As politicians bickered and companies refrained from investing much of their cash hoard on new equipment or employees, U.S. consumers kept spending.
That trend is credited with helping keep the U.S. economy on an expansion track last year, albeit a slow one, and is an often-cited factor in the stock market’s steady climb.
But that was 2012.
“The big question to be answered is: What will the increase in payroll taxes do to consumer spending in the first quarter?” said David Kelly, chief market strategist at JPMorgan Funds.
Americans are now finding their paychecks cut by a 2 percent rise in payroll taxes, which fund Social Security. The two-year payroll-tax holiday came to an end with the last-minute deal to avert the steep spending cuts and tax increases known as the fiscal cliff.
Any evidence that consumer spending slowed because of tax changes could knock stocks off their recent heady course. The S&P 500 last week reached a 5-year high and as of Friday was up about 4 percent this year.
Those gains add to last year’s, when investors overcame fourth-quarter fears that the economy would return to a recession if the fiscal cliff wasn’t avoided. The index gained 13 percent in 2012, boosted by evidence the economy was recovering and that central banks around the world would extend monetary easing moves.
The months of rancor in Washington that led to the partial budget deal did not translate to any extreme distress for U.S. households, at least in terms of keeping Americans out of the malls and car dealerships during the year-end shopping season.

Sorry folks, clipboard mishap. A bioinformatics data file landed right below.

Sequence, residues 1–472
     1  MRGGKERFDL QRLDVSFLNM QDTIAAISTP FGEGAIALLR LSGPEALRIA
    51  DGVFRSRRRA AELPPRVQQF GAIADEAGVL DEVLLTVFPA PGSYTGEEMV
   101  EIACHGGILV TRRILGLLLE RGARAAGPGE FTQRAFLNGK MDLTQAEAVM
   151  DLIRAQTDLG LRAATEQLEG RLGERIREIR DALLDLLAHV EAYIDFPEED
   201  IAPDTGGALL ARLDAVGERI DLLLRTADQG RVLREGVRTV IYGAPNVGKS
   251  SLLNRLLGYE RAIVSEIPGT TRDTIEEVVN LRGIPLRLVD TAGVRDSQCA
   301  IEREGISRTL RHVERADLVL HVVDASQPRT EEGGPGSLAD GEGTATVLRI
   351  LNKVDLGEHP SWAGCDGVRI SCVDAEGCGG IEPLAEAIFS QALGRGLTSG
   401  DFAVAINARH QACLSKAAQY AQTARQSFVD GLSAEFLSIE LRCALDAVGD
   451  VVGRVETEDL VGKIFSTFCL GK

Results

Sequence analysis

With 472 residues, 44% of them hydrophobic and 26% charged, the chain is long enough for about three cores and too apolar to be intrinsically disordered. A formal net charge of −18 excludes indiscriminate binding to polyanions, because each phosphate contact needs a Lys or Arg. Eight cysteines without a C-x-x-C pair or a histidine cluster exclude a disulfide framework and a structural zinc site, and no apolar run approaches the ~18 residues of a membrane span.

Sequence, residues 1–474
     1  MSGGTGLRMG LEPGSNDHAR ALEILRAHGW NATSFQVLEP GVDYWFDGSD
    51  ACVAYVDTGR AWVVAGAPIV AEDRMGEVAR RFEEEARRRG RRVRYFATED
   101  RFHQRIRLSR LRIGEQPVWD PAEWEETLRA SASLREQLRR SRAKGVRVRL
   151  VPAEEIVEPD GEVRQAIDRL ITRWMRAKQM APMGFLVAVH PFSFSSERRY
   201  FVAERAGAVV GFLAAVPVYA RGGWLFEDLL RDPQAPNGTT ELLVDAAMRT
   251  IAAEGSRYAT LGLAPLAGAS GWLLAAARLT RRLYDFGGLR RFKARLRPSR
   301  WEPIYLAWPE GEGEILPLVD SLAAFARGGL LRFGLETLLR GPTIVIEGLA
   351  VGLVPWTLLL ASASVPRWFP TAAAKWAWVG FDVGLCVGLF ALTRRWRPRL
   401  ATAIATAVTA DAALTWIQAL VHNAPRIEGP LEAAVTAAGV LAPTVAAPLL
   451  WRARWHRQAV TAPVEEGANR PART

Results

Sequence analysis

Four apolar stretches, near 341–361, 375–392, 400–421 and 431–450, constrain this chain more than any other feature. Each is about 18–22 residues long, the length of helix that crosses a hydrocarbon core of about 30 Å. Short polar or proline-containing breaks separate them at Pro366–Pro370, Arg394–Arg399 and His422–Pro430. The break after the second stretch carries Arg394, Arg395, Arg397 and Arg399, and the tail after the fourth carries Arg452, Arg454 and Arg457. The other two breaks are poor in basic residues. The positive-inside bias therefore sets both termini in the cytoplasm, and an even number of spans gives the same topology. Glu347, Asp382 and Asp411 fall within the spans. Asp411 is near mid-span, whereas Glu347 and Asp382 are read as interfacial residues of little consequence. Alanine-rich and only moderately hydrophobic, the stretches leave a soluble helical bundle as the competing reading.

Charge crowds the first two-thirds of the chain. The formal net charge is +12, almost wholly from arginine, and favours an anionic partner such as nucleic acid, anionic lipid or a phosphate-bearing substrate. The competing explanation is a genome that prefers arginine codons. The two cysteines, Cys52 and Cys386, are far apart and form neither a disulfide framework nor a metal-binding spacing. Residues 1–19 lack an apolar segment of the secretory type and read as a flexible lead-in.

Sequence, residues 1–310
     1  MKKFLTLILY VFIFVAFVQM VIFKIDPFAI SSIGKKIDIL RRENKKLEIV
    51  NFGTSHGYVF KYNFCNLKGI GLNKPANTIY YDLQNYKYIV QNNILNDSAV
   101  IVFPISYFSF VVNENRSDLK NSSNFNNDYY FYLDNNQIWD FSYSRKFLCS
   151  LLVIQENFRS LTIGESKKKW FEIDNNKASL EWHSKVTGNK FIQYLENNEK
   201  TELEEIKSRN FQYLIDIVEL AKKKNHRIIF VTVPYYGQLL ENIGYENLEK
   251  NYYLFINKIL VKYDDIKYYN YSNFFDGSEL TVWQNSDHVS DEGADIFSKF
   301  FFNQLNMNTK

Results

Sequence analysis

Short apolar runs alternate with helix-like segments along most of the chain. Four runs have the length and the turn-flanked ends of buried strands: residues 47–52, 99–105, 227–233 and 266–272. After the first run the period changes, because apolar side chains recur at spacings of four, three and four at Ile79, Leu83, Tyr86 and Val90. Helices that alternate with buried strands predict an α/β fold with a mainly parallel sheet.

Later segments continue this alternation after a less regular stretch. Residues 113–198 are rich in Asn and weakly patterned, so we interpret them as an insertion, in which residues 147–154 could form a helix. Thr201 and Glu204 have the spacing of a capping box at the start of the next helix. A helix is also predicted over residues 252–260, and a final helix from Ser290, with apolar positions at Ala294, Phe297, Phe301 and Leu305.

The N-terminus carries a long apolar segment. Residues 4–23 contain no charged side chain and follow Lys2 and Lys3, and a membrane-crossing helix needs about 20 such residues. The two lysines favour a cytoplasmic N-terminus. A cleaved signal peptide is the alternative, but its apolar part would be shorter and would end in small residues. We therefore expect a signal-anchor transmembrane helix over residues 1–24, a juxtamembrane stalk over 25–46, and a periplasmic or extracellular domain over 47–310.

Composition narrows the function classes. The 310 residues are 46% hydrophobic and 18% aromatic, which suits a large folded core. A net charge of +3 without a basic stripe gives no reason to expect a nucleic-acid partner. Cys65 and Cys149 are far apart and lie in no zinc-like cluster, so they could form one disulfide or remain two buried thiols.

The Commerce Department last week said retail sales climbed more than expected in December, with the 0.5 percent rise in purchases the largest gain in three months, suggesting momentum in consumer spending as the year came to an end.
“Consumers through the year-end remained fairly oblivious; they spent money; they bought cars; they bought homes. You saw confidence fall off a bit, but you wouldn’t know it through retail sales,” said Elizabeth Ptacek, senior vice president and a senior credit real estate analyst at KeyBank.
But that scenario could change in rapid fashion now that average Americans have received their initial batch of smaller paychecks.
The Commerce Department’s report on January retail sales, scheduled for release in mid-February, will be among the early indicators of just how big a dent the payroll-tax increase will make in the first quarter.
Many Americans experienced “political-theater fatigue” through the fourth quarter, making it easy to ignore ramifications of the bipartisan battles being waged on Capitol Hill, said Eric Wiegand, portfolio manager at U.S. Bank Wealth Management.
But the reality of the legislative drama is likely setting in now that folks “literally have less, with payroll taxes increasing by 2 percent, and fuel prices picking up too, which also act as a tax on consumers,” Wiegand said.